4. Final Arguments to the Jury.
We have set forth that portion of the final argument to the jury made by plaintiff's counsel upon which the defendants base their motion for a new trial. In the eyes of the defendants' counsel, the summing up was "calculated to induce the jury to ignore the evidence presented and render a verdict for plaintiff founded on sympathy."
The content of the arguments by counsel to the jury is a matter resting in the discretion of the trial court. It is only when the trial court fails in its responsibility that this court will intrude. Masterson v. Chicago N.W. R. Co. (1899), 102 Wis. 571, 78 N.W. 757. It is difficult to lay down precise standards which will successfully separate fair argument from unfair argument. We are not prepared to strike down all colorful, forensic thrusts before the jury. Oral argument to the jury need not be confined to the sterile reiteration of the testimony which was presented. Counsel have the right to analyze and exhort. As long ago as 1878, this court recognized that counsel in argument should be given "the very fullest freedom of speech." Brown v. Swineford (1878), 44 Wis. 282, 293.
There is a point when enthusiastic advocacy becomes an appeal to prejudice. It is the burden of the trial court to make sure the arguments do not exceed the bounds of fairness. See DeRousseau v. Chicago, St. P., M. O. R. Co. (1949), 256 Wis. 19, 27, 39 N.W.2d 764; Pecor v. Home Indemnity Co. (1940), 234 Wis. 407, 418, 291 N.W. 313; Markowitz v. Milwaukee E. R. L. Co. (1939), 230 Wis. 312, 320, 284 N.W. 31. Cf. Halsted v. Kosnar (1963), 18 Wis.2d 348, 118 N.W.2d 864. In the instant case, the trial court did not see fit to criticize the argument of the plaintiff's counsel, and we are not persuaded that the trial court was clearly in error in this regard.
5. New Trial in the Interests of Justice.
The jury assessed damages for personal injuries in the sum of $7,500. Fields was in the hospital from February 12, 1962, until March 9, 1962, being in traction part of the time and having been subjected to a myelogram and an operation for a herniated disc. He was not able to return to work until May 7, 1962. We conclude that the damages are not excessive.
Some of Fields' injuries may have been sustained as a result of his activity in attempting to free the two cars after the impact. This circumstance does not constitute a valid reason for considering the damages excessive. In Hatch v. Smail (1946), 249 Wis. 183, 188, 23 N.W.2d 460, we observed that an intervening act of a human which is a normal response to the stimulus of a situation created by another's negligence is not a superseding cause of the injury. The trial court's instructions on this matter were entirely proper.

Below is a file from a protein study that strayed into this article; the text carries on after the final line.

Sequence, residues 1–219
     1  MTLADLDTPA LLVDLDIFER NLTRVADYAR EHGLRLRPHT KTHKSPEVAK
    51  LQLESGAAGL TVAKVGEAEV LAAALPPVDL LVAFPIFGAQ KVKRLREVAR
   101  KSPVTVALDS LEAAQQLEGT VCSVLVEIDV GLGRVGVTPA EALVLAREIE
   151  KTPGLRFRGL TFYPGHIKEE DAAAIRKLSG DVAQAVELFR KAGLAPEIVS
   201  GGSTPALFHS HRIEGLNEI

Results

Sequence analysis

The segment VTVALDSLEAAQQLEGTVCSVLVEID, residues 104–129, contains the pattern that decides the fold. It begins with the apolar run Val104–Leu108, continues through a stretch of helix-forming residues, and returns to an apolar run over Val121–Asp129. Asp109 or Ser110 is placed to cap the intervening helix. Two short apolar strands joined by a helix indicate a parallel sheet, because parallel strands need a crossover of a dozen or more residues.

We find that the parties were afforded a full and fair trial and that there is no occasion for our exercising our discretion to order a new trial in the interests of justice pursuant to sec. 251.09, Stats. There is applicable to the instant case this court's summary of the situation in Roeske v. Schmitt (1954), 266 Wis. 557, 574, 64 N.W.2d 394:
"As we have pointed out, there is no accumulation of error. The trial, a lengthy one, was conducted by able counsel, each of whom was, of course, seeking findings favorable to his client and each of whom appears to have been willing to let the chips fall where they might and upon either or any of his adversaries. We do not consider that a new trial is required."
By the Court. — Judgment affirmed.
I respectfully dissent. The quoted portion of the closing argument of plaintiff's counsel was an appeal to passion and prejudice which should not be countenanced by this court. The fact that defendant's counsel did not at the time enter a formal objection, or that the trial court did not on its own motion warn counsel that the argument was improper and instruct the jury to disregard it, is immaterial on the issue of whether this court should direct a new trial in the interest of justice. The jury's finding of no causal negligence on the part of plaintiff, while it cannot be set aside on the ground that there is no credible evidence to support it, is certainly against the great weight of the evidence. Therefore, I feel that the improper argument probably did influence the jury in making this finding. I would exercise our discretion under sec. 251.09, Stats., and order a new trial in the interest of justice.
I am authorized to state that Mr. Justice HALLOWS and Mr. Justice WILKIE concur in this dissent.